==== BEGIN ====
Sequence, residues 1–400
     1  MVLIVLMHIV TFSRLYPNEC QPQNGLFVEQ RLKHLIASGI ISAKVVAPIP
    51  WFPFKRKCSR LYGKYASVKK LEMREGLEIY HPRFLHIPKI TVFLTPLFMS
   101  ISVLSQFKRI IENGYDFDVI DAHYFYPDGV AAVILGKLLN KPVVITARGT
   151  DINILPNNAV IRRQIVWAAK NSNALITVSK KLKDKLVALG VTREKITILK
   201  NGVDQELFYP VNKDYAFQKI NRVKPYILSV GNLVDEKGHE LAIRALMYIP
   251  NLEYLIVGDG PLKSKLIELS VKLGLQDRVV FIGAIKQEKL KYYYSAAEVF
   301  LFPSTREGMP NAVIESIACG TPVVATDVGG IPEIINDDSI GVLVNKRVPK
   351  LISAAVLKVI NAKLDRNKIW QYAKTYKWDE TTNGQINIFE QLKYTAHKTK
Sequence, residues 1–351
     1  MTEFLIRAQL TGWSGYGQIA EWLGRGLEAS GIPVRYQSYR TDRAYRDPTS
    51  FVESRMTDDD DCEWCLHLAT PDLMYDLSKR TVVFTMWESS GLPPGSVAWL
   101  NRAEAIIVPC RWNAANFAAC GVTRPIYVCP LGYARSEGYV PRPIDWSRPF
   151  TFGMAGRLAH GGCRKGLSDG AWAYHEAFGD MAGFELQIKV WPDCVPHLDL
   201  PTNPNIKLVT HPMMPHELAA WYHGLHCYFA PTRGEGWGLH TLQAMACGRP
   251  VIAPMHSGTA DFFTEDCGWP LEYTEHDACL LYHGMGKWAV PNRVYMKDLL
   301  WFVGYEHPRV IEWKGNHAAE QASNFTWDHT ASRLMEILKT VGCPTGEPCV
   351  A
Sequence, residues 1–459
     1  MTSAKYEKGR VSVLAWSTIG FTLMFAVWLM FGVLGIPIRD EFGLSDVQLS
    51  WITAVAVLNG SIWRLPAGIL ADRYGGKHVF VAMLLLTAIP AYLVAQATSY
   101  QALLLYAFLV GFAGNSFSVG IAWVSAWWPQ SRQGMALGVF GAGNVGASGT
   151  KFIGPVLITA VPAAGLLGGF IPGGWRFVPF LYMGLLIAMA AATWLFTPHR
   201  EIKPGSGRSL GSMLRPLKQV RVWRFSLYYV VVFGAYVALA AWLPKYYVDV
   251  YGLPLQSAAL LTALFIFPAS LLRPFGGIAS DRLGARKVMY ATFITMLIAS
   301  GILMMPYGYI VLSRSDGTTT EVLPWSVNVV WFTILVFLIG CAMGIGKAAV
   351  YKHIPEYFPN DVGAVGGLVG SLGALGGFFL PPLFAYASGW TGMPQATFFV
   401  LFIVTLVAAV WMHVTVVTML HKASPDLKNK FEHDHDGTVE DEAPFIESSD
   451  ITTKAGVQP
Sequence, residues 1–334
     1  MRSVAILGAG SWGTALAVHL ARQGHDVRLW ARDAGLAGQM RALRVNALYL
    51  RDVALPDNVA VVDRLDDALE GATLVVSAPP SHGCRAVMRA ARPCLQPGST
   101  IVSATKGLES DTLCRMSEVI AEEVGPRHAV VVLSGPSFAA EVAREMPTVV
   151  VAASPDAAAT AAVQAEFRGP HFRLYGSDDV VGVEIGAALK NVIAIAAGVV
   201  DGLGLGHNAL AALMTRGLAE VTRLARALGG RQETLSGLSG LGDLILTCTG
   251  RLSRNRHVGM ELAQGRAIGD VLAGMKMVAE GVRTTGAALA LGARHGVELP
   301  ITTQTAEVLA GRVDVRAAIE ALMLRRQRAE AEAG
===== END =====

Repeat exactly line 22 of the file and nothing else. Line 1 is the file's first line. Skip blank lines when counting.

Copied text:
   101  QALLLYAFLV GFAGNSFSVG IAWVSAWWPQ SRQGMALGVF GAGNVGASGT